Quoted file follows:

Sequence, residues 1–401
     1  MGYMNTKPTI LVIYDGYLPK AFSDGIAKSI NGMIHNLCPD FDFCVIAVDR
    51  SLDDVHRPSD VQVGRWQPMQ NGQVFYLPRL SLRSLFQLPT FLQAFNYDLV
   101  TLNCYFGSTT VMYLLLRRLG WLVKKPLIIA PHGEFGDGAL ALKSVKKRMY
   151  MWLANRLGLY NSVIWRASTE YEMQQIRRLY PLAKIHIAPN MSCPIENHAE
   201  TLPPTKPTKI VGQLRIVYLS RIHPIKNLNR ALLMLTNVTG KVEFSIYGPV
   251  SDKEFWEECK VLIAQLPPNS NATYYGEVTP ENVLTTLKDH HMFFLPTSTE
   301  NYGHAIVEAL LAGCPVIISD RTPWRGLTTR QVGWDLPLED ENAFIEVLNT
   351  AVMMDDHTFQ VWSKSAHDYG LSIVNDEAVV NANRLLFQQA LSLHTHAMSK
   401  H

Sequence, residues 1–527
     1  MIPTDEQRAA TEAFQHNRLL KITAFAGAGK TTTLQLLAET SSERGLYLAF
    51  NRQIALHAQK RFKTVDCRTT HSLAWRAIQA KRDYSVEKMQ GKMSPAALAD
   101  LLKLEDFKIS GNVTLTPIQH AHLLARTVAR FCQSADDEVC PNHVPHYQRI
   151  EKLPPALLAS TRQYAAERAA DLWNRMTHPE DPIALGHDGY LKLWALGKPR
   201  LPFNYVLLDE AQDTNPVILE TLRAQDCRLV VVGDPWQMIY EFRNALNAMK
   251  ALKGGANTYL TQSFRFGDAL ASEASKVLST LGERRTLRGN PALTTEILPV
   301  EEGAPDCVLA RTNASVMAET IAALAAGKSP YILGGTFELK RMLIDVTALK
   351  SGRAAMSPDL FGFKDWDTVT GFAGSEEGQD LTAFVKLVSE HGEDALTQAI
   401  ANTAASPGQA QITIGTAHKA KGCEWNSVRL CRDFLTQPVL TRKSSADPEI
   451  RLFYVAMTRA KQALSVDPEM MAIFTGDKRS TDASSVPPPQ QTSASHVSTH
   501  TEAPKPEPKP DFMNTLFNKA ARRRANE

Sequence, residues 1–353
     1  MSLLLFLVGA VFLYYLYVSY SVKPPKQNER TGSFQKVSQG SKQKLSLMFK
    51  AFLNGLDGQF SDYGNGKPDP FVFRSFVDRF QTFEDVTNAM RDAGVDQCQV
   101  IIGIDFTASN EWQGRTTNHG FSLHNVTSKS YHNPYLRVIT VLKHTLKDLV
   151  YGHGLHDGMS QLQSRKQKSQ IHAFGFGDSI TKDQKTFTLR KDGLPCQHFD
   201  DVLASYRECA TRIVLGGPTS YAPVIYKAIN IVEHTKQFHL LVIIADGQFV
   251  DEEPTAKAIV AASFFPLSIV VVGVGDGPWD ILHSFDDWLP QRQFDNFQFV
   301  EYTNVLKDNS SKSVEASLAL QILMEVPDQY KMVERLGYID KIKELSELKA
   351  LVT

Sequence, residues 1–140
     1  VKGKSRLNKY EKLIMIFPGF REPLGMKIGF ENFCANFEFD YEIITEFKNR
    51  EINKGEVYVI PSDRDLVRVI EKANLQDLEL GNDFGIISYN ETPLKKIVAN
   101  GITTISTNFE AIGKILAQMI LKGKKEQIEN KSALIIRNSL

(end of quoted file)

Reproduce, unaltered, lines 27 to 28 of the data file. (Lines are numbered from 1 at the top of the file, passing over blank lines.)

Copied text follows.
   151  YGHGLHDGMS QLQSRKQKSQ IHAFGFGDSI TKDQKTFTLR KDGLPCQHFD
   201  DVLASYRECA TRIVLGGPTS YAPVIYKAIN IVEHTKQFHL LVIIADGQFV